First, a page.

Mercy towards our Neighbour: Fifth Beatitude.

Mercy towards our Neighbour: Fifth Beatitude.


My God, I firmly believe that Thou art here present. I acknowledge that on account of my many sins I am utterly unworthy to appear before Thy sacred countenance. Yet, confiding in Thy infinite goodness and mercy, I venture to address Thee, to call upon Thy holy name, and meditate upon Thy commandments, in order that I may acquire a better knowledge of Thy holy will, and accomplish it with more fidelity. Wherefore enlighten my understanding that I may perceive what I ought to do or leave undone for the promotion of Thy glory and my own salvation; at the same time excite my will, that I may repent with my whole heart of my past sins, and resolve for the future to do all that Thou requirest of me. Grant me above all to know Jesus, my divine Teacher and Guide, more clearly, that I may love Him more dearly, and consequently labor, struggle and suffer with greater generosity and self-sacrifice in imitation of His example. Holy Mary, Mother of God and my Mother, show Jesus to me now, and let me study thy divine Son to the salvation of my soul. Holy Guardian Angel, keep far from me all distracting thoughts; my patron saint, come to my assistance. Amen.

Mercy towards our Neighbour: Fifth Beatitude.

Blessed are the merciful: for they shall obtain mercy.—ST. MATT. V.

I. Prelude.

To-day we have another declaration from the lips of the Divine Oracle to consider: we hear Him saying: Blessed are the merciful.

II. Prelude.

O most Merciful Heart of Jesus, teach us how to acquire and practise that characteristic virtue of hearts truly devoted to Thee: the virtue of mercy.

I. Point.

The love of Jesus Christ, and zeal for His glory, should excite us to the practice of mercy towards others.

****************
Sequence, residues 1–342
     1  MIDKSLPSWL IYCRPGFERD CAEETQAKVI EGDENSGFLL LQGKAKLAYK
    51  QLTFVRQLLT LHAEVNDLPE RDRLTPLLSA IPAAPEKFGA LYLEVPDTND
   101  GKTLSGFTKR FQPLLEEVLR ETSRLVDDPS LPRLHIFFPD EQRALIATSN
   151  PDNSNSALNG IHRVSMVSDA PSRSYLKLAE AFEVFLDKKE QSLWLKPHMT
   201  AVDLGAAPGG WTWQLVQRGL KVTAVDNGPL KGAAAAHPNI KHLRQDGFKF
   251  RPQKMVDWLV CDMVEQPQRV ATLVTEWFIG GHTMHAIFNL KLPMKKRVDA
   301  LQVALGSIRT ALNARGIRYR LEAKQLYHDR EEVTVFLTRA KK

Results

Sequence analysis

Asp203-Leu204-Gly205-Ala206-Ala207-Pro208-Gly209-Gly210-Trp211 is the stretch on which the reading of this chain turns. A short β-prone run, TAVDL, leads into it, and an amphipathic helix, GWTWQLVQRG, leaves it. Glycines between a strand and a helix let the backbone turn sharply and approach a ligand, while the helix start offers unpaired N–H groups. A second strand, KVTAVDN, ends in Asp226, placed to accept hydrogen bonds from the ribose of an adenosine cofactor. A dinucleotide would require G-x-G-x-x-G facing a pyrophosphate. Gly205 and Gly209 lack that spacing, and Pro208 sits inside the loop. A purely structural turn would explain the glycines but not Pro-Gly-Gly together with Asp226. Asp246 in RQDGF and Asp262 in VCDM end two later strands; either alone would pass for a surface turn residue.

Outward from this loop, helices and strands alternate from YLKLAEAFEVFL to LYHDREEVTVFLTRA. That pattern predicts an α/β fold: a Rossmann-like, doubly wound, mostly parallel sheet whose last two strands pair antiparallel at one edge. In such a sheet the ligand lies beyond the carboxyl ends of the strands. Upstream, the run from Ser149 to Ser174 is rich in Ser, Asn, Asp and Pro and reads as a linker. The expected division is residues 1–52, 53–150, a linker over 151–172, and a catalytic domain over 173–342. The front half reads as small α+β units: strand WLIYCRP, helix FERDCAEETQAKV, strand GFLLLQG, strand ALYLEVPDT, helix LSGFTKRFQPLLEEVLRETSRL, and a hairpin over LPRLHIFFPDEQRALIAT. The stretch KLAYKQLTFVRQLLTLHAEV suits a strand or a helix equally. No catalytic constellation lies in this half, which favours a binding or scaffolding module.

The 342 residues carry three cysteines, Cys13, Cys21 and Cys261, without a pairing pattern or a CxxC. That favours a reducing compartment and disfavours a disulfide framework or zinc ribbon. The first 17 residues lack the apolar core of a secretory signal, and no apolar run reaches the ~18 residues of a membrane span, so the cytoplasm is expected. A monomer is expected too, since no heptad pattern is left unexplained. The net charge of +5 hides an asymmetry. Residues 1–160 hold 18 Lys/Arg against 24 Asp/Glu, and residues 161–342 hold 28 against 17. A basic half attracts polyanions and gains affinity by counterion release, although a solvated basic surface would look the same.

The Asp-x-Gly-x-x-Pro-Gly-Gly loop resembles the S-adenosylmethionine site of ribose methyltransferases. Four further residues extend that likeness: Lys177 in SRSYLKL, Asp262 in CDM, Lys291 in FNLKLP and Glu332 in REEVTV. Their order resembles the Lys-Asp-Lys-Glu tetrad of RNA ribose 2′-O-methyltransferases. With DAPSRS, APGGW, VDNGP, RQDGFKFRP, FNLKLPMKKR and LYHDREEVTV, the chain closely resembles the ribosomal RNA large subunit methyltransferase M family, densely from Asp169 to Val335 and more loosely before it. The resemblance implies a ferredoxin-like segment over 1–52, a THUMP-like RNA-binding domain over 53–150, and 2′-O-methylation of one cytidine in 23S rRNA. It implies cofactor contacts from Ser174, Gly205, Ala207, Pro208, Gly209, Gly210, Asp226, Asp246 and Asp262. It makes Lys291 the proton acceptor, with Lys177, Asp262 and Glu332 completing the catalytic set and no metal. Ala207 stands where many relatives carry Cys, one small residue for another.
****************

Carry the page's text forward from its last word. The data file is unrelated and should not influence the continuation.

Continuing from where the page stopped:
If we love Jesus our Adorable Saviour really, we ought to desire to be agreeable to Him: if we are animated by His Divine Spirit we must necessarily desire to procure His glory. An infallible means of attaining this double purpose, is the exercising of that tenderness and clemency of which Jesus has given, and still gives, such touching examples. Yes! we shall please the Heart of God, when He sees us practising in regard of our neighbour generally—and especially towards any person who may have wronged us, or made us suffer—that indulgence which the Divine Master uniformly shewed towards His Disciples, notwithstanding their imperfections. If we imitated Him in that tender compassion to which He was moved, at the sight of the infirmities or the necessities of the unfortunate; in that unvarying gentleness towards the weak, and that unspeakable goodness towards penitent sinners, which we cannot fail to see displayed by our Lord, our neighbour would be drawn to enter the service of a Master whose followers were so merciful and kind. Discovering evident proofs of our charity, they on whom it was exercised would yield to its influence; and being filled with confidence, would receive the good advice which grace might inspire us to give. What a power—an undying power—is there in acts and words of mercy, and compassion!

II. Point.

It is to our own interest, and in the interest of justice that we should exercise mercy.